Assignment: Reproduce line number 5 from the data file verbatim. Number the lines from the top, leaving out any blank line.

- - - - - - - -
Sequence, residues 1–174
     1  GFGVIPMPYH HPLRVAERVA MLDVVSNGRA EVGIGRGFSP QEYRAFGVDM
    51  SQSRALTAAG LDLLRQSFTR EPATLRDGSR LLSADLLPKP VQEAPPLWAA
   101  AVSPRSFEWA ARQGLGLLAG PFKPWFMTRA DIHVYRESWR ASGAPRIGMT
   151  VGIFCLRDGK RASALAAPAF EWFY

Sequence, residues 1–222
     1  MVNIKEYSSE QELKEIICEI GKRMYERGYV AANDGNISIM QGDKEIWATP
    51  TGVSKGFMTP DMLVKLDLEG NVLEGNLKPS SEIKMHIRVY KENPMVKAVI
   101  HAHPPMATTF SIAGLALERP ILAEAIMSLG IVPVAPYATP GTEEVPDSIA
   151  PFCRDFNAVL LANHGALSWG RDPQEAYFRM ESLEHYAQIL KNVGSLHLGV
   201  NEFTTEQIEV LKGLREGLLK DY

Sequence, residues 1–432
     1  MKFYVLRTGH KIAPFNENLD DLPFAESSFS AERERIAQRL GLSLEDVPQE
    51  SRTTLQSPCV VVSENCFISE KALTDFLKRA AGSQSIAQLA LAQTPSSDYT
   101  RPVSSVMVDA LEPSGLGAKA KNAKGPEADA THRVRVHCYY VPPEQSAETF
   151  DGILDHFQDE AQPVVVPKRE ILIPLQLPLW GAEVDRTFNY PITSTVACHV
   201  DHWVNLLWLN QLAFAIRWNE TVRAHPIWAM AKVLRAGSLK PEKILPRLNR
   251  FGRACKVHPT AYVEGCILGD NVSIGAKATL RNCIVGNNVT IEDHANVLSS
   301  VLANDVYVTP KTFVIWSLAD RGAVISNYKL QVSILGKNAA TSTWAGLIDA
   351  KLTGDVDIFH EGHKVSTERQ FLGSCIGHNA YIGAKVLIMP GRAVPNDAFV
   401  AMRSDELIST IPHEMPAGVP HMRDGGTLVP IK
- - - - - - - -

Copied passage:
   151  VGIFCLRDGK RASALAAPAF EWFY